December 1, 2022

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Is mRNA vaccine technology the way to cure cancer and AIDS?

Is mRNA vaccine technology the way to cure cancer and AIDS?

 

 

Is mRNA vaccine technology the way to cure cancer and AIDS?  An unexpected chain reaction of this global pandemic is how it catalyzed medical breakthroughs. Most prominently, the same technology used in the SARS-CoV-2 vaccine has the potential to improve the treatment of diseases such as cancer and HIV.

 

In early June of this year, Dr. Anthony Fauci pointed out that the extraordinary success of the messenger ribonucleic acid (mRNA) COVID-19 vaccine has brought new hope to AIDS vaccine experts. In fact, based on advanced technology during the pandemic, researchers in multiple disciplines have rekindled their enthusiasm. Such a vaccine would be an amazing achievement for a vaccine against retrovirus (HIV), and scientists have been avoiding this virus for decades.

 

Although the COVID-19 vaccine was the first mRNA vaccine approved for use in humans, RNA-based vaccination dates back 25 years. In the 1990s, French researchers used RNA to encode influenza antigens in mice–meaning a substance that can cause an immune response. Unfortunately, barriers such as lack of funding and attention have hindered the development of this innovation-until now.

 

In the past year, thanks to government and private sector funding–and global collaboration in the scientific community–multiple mRNA COVID vaccines were created within one year. The previous vaccine development record was four years, (for mumps), which means that the rapid creation of this vaccine is an amazing achievement.

 

mRNA vaccines differ from their predecessors in several key ways. Traditional vaccines usually inject a weakened or dead virus into the patient, and then produce antibodies in the immune system, thereby training the immune system to recognize the virus the next time it invades the body.

However, the COVID-19 mRNA vaccine is injected with a piece of messenger RNA, which enters the patient’s body, causing their cells to produce a small piece of coronavirus called spike protein.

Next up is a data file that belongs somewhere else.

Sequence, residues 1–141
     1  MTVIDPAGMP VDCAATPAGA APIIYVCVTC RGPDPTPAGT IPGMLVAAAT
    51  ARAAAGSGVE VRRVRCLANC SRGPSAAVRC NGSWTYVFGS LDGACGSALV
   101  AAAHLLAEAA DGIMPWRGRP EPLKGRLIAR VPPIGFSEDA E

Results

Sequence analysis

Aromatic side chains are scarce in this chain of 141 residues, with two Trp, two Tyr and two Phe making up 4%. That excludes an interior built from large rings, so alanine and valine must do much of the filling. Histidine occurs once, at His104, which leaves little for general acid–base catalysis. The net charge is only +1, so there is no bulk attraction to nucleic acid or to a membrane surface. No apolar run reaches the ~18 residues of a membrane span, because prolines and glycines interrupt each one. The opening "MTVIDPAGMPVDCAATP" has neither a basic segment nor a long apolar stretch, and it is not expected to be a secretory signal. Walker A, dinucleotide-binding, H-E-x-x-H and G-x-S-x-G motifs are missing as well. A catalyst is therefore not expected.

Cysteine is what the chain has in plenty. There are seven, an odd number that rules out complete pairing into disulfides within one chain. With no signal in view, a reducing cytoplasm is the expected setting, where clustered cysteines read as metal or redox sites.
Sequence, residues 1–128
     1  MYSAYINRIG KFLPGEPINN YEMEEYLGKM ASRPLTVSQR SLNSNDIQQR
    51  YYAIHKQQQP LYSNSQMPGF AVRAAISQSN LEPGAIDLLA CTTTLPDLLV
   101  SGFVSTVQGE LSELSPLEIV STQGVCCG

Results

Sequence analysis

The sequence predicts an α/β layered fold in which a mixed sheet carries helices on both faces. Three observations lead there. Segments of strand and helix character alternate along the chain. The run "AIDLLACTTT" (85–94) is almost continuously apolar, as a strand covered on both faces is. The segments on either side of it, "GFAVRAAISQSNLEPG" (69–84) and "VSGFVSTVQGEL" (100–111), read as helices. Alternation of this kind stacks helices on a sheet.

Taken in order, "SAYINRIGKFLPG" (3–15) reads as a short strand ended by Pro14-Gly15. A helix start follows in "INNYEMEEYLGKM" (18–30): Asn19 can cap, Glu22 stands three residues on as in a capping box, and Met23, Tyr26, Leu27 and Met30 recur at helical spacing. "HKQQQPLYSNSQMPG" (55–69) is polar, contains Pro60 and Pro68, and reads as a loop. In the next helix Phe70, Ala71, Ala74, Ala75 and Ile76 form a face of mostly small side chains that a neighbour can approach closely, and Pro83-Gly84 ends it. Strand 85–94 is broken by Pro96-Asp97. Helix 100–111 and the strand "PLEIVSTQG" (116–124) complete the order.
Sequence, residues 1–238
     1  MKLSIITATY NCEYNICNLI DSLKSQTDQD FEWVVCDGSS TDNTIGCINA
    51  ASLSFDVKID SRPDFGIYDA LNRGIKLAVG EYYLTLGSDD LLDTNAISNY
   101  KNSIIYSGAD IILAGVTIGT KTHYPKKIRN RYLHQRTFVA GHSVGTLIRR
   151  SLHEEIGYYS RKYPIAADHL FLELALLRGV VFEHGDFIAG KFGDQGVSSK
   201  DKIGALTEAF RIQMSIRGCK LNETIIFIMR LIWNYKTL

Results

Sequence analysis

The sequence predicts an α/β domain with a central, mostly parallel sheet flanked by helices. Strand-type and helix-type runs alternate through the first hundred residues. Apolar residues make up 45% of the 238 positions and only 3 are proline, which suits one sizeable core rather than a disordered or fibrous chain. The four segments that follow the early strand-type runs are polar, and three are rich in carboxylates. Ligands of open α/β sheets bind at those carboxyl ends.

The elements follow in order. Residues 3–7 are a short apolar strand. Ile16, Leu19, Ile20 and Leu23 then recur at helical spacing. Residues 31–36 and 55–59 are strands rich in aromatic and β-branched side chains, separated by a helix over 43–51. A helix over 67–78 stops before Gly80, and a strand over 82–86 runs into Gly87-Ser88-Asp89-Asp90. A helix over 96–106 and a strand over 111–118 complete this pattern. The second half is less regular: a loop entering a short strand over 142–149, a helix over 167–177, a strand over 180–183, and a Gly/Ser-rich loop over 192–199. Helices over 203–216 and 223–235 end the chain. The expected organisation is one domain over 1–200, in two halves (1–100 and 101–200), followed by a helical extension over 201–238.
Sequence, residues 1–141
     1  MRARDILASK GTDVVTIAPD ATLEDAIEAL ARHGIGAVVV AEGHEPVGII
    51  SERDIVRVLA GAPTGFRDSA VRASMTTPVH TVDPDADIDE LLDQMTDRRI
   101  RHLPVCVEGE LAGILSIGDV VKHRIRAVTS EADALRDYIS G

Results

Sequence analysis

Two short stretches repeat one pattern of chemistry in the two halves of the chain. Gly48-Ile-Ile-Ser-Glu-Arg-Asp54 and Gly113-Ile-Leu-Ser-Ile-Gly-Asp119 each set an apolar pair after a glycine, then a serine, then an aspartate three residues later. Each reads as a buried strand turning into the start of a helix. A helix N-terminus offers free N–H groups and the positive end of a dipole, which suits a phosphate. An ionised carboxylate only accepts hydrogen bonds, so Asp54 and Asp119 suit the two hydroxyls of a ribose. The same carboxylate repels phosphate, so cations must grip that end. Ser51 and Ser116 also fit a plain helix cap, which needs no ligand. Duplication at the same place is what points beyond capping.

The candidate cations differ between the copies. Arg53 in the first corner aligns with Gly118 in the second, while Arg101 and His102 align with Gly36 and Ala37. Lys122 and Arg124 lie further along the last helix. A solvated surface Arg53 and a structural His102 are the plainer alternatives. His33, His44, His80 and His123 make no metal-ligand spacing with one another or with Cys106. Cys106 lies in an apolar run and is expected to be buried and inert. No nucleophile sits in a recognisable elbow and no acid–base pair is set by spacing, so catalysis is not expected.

In the artistic description of coronaviruses, spike proteins are small dots on the outside of the virus, sticking out like sea urchin spines. Once the body starts to make these spikes, the immune system produces antibodies that recognize them. Later, if or when the real virus enters the body, the antibodies will recognize the external spikes and proceed to destroy the invading virus.

 

Scientists believe that mRNA vaccines are a breakthrough that will usher in a new era of medicine, a potential weapon against many other diseases, Dr. Jeffrey B. Ulmer, former head of preclinical research and development of GlaxoSmithKline’s vaccine department Say

 

Ulmer said: “In principle, mRNA vaccines can solve any infectious disease or cancer target that requires an immune response to protein antigens.” So in principle, everything is considered in terms of the ability to use mRNA. Ulmer pointed out that there is a caveat: bacterial pathogens are not effective against vaccines).

 

However, cancer is included. In fact, in theory, mRNA vaccines can be programmed specifically for cancer cells in patients, which means that personalized treatments can be created for any cancer patient. Because cancer mutations are unique to each person’s specific cancer, mRNA vaccines will be tailored to specific patients. This is possible because there are unique proteins on the surface of cancer cells, and mRNA vaccines can be programmed to produce antibodies against these exact proteins. In this way, doctors hope to prepare the patient’s immune system to recognize cancer and kill it.